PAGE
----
Adding a fake LCD to your embedded system

Embedded systems often come with LCDs. Sometimes they’re little tiny ones of 2×8 chars, sometimes they’re great full colour monsters, but the one thing they have in common is that they’re very inconvenient for getting information off of and back into a host computer when you’re developing with them.

You might ask why you’d ever want to do that. Running test cases with LCD output is one good example, or perhaps you don’t actually have the LCD panel the target expects to be using in your development setup. In short, it’s often useful to be able to get that LCD back onto your development host. orblcd can help.

The function of orblcd is very simple; It uses ARM ITM signalling to ‘Create’ a virtual LCD on the host according to the specification provided by the target, and then updates it as the data on that panel changes. There are no particular constraints on update rates or exactly how and when the information is changed, which makes orblcd pretty versatile. There’s no intrinsic reason you couldn’t build orblcd for use over a regular serial port, but the ARM ITM infrastructure means you can still do text debugging and run utilities like orbtop while you’ve got that lcd active.

Let’s illustrate with a couple of examples;

One bit output

In the orbmule repository you’ll find the vidout example. That uses an STM32F103 to generate realtime video to a VGA monitor by ‘racing the beam’…no framebuffer is ever held by the target device, the pixels to be output are created as they’re needed on the fly. The video generation part of vidout runs totally under interrupt, so normal programs don’t ever need to be aware that it’s active. Adding orblcd to vidout is trivial, and only a couple of functions need to be added; one to establish the video mode, and one to output the data, once the orblcd_protocol.h header file has been included.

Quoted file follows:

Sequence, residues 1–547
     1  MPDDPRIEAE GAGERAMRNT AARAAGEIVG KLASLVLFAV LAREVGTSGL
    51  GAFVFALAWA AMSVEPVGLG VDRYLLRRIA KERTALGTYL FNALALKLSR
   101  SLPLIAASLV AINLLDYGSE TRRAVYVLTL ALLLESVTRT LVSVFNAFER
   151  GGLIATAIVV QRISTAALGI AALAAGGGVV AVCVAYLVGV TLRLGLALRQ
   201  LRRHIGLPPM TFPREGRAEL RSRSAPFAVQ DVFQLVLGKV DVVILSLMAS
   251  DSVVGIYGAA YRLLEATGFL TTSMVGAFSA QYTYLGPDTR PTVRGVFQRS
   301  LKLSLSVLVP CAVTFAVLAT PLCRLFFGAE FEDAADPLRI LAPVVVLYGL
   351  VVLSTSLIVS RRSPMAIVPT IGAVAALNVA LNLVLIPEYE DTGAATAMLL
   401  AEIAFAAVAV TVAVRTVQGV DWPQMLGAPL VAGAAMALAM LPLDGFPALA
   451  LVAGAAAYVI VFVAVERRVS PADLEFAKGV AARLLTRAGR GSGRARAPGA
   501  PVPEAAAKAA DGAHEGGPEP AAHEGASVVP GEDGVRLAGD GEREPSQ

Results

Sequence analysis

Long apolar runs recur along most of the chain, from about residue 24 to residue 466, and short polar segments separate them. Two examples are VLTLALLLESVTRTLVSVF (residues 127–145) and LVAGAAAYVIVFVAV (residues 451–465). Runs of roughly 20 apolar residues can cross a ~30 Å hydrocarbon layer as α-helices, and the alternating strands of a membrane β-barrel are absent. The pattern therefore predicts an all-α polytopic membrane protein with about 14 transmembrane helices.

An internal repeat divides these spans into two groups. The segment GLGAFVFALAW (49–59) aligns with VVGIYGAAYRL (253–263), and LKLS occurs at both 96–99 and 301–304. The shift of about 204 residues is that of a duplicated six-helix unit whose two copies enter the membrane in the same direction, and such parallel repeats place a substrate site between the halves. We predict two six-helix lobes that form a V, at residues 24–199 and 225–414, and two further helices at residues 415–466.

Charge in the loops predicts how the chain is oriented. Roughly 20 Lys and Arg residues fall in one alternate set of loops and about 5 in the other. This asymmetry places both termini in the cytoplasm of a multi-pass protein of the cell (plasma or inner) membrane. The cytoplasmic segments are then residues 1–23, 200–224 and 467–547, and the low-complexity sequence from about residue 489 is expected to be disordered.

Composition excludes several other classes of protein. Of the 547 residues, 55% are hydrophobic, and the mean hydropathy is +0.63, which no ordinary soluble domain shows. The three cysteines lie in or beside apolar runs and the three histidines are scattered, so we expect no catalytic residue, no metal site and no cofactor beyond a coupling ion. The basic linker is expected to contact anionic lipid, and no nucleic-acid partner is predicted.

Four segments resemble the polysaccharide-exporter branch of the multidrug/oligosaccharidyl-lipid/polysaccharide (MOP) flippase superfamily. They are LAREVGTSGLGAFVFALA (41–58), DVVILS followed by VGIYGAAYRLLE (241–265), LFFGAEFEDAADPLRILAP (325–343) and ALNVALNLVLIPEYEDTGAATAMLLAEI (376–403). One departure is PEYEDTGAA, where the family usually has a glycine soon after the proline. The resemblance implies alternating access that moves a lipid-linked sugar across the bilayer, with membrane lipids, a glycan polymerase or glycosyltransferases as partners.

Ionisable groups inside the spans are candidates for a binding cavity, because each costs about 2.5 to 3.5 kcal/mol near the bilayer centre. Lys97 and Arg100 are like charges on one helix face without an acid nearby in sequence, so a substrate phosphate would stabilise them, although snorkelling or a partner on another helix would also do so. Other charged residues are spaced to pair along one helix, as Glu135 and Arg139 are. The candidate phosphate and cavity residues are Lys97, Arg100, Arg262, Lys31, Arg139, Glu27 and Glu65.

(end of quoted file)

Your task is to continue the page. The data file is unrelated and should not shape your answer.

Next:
Setting the video mode is done by sending a message on the orblcd control channel specifying the size of the lcd and its bit depth (vidout.c::235);


This command also serves to instruct the host to refresh the screen, so it’s re-sent at the end of each video frame. This is done so even if the host arrives to the party late, it will soon get into sync with the target and a sensible display will be established. It also means that if the screen resolution changes dynamically (yes, I’ve heard of LCDs that do that when going from a low to high power mode) then the host display will update accordingly.

The second function sends the data, and that is done at rasterline.c::83. We could wait until the complete line of data are available and send them all in vidout.c, but by sending each word as soon as it is ready spreads out the transmission and so improves the utilisation of the ITM channel.